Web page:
Anna’s advice for other companies hoping to achieve high survey participation is to make it fun, competitive, include a reward and advertise it everywhere. She says, “We placed notices and fun reminders about the prize up for grabs behind toilet doors, through email, in our staff rooms and planning rooms. Our team is highly competitive so the prize of a dinner out or lunch on us was a real hit!”

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2. International Cruise Excursions 

The idea: Every survey gets a theme, creating two weeks of company spirit fun 

At International Cruise Excursions, every employee engagement survey gets a theme. “Our employees get excited about it, and it’s a great way to have constant reminders around the office that the survey is happening,” says Sara Martin, Senior Manager, Culture and Employee Experience. For their most recent survey, they set a participation goal of 90% and decided on a 1990s theme to tie it together.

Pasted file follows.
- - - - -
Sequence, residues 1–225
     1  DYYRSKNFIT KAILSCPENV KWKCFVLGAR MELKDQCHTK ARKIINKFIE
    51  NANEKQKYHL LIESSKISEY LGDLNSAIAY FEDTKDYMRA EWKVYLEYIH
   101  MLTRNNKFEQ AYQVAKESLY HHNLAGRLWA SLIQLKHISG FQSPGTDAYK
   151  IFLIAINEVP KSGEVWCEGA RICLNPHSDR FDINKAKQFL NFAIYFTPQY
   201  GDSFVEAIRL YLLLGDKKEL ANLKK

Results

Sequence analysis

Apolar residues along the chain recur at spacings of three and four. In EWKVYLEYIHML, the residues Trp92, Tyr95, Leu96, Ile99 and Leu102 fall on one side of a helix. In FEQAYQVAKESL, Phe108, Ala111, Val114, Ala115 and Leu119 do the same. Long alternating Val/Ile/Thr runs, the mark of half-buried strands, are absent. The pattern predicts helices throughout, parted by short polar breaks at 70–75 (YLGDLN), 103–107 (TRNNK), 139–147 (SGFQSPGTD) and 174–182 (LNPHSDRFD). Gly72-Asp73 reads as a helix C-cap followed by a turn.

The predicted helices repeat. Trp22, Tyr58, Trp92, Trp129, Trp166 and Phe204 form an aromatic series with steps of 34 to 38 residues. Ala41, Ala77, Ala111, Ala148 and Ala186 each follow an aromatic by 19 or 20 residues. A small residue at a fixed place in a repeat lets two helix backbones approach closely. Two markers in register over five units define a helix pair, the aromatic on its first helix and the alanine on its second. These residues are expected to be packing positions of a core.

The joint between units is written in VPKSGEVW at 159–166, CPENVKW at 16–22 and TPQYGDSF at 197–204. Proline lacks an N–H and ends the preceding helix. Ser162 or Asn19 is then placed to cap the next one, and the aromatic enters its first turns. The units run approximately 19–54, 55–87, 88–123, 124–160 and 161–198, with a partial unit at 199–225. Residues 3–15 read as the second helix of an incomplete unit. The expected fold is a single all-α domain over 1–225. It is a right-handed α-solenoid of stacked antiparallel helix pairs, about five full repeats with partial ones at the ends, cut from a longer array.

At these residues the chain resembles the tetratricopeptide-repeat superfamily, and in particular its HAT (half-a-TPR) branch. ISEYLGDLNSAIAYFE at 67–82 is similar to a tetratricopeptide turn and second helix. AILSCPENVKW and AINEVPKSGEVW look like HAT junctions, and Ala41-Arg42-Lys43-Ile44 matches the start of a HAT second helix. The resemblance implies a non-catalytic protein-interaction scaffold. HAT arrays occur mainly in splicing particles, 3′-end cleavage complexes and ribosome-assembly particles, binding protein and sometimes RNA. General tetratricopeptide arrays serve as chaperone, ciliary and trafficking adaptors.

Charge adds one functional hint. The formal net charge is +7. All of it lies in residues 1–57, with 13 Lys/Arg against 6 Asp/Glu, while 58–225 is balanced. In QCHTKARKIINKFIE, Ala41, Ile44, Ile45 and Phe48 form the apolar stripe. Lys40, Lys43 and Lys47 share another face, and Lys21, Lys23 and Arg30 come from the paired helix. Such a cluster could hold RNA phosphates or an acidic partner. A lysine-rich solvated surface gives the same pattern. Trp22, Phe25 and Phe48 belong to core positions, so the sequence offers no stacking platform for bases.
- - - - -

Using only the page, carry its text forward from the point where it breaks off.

Sara says, “We had tons of great engagement ideas that we knew employees would love. We passed out yo-yos, slap bracelets, and popular 90s candy. We also had spirit days like 90s grunge day that employees were really in to. Several communications went out, complete with 90s slang. In addition, at the end we had several of our senior leaders step up to get slimed if we reached our goal.”

International Cruise Excursions just missed their goal, ending at 88% participation, but Sara confidently says they’ll try again next year. “We will absolutely continue to theme our surveys. Without the excitement it sparks, I don’t think we would have gotten near 88%. For two weeks, the spirit is truly everywhere. Everyone knows the survey is happening,” she says. 

For companies looking to get high survey participation, Sara’s advice is to get leadership involved. She says, “Talk to everyone before the launch and set expectations for what their role will be in helping to reach the company’s goal. When your leaders are participating in all the fun, and encouraging their teams to take the survey, it makes all the difference. Our international offices were pretty competitive with each other, which made it more fun as well. Some of them actually reached 100% participation for their office locations. Also, don’t be afraid to communicate. We have a huge spike in participation after we send communications out.”